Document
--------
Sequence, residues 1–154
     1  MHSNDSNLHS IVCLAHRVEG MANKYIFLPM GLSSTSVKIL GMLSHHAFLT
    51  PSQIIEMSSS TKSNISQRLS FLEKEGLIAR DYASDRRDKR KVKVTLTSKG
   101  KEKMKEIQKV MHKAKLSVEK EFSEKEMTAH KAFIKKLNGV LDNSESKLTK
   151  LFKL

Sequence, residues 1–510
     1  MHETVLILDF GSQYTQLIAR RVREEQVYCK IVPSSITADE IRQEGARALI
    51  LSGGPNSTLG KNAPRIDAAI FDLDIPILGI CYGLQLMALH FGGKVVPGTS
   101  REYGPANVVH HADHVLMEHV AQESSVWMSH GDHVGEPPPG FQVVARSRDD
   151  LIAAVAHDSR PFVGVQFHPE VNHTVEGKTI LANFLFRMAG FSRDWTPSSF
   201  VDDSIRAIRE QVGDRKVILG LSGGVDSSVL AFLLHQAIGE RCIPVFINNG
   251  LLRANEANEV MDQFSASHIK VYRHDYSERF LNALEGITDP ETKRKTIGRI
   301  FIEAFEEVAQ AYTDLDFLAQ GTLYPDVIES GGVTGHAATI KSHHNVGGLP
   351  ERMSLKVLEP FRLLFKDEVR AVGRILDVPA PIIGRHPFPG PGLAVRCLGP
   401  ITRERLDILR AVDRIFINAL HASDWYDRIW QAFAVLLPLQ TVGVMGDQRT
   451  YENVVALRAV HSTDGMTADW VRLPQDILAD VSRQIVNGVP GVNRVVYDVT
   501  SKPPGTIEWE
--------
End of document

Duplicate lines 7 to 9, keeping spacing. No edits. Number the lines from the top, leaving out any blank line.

     1  MHETVLILDF GSQYTQLIAR RVREEQVYCK IVPSSITADE IRQEGARALI
    51  LSGGPNSTLG KNAPRIDAAI FDLDIPILGI CYGLQLMALH FGGKVVPGTS
   101  REYGPANVVH HADHVLMEHV AQESSVWMSH GDHVGEPPPG FQVVARSRDD